Farming and tourism are two defining characteristics of the Green Mountain State. More than one quarter of Vermont’s land is devoted to agricultural purposes, and tourists make an estimated 14.3 million trips to the state each year and contribute over $1.5 billion to its economy.
Those two trends have combined to spawn an entire industry that is booming in Vermont: agri-tourism. The New England Agricultural Statistics Service reported in 2002 that one-third of Vermont farms benefitted from agri-tourism to the tune of more than $19.5 million, and the U.S. Department of Agriculture’s 2007 census indicated that the number of farms nearly doubled over the preceding five-year period.
But while the latter half of the agri-tourism label suggests out-of-state visitors getting their first real taste of the state’s signature maple syrup and cheddar cheese, Vermonters are making an increasing number of those farm visits. The mainstream popularity of the “localvore” movement has consumers more interested than ever in how their food is made, and where it comes from.
That journey to discovery is the business of Chris Howell, who is in his third season operating Vermont Farm Tours out of Winooski. Howell has found success connecting customers with not only the locations where their food originates, but also the people whose hard work and craftsmanship helps turn raw materials into local culinary delights.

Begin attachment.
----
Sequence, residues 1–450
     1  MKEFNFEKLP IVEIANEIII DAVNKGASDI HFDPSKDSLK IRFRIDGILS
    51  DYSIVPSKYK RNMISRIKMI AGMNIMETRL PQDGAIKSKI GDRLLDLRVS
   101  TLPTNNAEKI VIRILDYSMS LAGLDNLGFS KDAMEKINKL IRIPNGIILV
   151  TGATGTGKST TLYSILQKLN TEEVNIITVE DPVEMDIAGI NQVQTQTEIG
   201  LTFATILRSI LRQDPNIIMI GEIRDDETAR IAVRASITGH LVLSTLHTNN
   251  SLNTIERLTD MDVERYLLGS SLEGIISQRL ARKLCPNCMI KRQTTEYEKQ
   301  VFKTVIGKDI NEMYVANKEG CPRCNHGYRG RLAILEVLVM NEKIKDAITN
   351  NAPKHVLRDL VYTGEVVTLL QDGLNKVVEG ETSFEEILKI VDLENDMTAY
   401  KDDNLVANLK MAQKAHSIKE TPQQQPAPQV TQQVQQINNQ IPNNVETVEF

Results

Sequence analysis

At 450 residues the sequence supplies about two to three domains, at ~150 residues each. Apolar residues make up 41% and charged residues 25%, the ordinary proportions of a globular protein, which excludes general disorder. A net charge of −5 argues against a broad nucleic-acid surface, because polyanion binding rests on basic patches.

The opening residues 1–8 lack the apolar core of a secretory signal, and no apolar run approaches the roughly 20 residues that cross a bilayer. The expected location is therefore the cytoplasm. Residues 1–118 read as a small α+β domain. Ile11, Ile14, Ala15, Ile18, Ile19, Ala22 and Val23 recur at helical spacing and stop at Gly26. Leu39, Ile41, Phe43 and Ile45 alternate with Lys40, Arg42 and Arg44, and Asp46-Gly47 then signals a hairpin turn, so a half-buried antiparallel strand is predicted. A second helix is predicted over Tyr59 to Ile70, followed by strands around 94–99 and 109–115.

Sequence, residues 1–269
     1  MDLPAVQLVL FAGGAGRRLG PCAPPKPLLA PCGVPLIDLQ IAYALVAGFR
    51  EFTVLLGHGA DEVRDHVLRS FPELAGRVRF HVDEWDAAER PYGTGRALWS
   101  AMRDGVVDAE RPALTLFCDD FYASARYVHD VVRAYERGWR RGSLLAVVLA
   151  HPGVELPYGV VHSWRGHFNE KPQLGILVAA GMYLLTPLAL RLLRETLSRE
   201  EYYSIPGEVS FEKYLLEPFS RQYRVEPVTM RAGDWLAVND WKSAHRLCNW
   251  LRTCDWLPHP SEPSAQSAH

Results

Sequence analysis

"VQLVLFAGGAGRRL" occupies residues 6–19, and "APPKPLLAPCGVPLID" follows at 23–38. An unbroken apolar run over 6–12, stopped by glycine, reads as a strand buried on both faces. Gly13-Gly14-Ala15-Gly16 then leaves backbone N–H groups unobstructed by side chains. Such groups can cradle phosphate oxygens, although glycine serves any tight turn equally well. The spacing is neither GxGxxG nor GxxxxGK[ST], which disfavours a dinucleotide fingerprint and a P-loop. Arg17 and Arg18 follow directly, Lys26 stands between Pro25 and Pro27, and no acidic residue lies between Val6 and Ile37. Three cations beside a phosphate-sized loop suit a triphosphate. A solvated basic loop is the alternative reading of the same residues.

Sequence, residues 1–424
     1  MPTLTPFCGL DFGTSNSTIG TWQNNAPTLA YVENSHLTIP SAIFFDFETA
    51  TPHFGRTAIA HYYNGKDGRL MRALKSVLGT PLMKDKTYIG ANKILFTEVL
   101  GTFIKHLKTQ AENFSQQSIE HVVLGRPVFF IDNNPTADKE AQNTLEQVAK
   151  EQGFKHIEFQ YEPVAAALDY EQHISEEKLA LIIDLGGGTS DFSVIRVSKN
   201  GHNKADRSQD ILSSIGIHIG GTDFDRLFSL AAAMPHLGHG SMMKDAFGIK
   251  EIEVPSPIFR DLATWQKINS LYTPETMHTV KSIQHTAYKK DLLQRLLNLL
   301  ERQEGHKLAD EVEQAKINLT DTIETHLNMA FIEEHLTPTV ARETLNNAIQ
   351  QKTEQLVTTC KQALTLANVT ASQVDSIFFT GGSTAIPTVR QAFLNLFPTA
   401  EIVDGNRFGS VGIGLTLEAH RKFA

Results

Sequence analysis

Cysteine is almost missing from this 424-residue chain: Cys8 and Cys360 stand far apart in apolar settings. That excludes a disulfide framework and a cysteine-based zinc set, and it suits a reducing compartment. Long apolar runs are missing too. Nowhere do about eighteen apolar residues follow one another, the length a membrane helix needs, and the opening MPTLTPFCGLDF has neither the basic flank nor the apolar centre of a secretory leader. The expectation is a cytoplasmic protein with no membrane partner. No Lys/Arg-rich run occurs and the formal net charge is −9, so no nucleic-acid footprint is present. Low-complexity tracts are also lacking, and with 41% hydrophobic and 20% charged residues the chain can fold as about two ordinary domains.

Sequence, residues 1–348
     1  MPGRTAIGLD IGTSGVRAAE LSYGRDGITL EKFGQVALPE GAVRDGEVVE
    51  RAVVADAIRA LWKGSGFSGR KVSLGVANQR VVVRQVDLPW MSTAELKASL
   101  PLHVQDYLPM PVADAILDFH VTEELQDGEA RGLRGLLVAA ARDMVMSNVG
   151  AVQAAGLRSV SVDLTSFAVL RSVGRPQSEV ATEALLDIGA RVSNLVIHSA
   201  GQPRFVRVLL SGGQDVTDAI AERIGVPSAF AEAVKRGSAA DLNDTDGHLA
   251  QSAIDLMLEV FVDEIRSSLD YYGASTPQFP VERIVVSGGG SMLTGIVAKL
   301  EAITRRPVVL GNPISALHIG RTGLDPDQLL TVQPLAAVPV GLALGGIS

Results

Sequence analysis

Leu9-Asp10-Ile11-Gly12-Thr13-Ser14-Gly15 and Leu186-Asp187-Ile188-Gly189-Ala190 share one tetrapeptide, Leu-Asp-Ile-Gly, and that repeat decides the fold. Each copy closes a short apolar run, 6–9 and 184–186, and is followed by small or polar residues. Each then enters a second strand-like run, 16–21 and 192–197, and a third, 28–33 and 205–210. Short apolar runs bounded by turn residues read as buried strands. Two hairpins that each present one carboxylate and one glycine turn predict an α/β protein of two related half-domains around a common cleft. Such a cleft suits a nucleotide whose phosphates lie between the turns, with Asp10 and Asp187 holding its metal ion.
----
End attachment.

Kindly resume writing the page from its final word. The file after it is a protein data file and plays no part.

“Eating real food, with the person who made it on the soil where it comes from, you have a totally unique experience,” Howell said. “You develop a story around the food that you eat, and it makes you appreciate it more.”
Food tours can also enhance people’s understanding about the difference between local products – which may cost more at markets – and less expensive, but potentially lower-quality alternatives delivered from elsewhere.
“I used to go to places like City Market and look at the cost of Vermont produce and think, ‘why would you pay so much extra for that?’” said Jay Garrett of Burlington, who said he has visited a number of Vermont farms since moving here from New York state. “But it is important to support local farmers, and you’re reducing the need to truck in more food from out of state – and the more you eat [local food], the more you realize how it’s so much better, and worth it.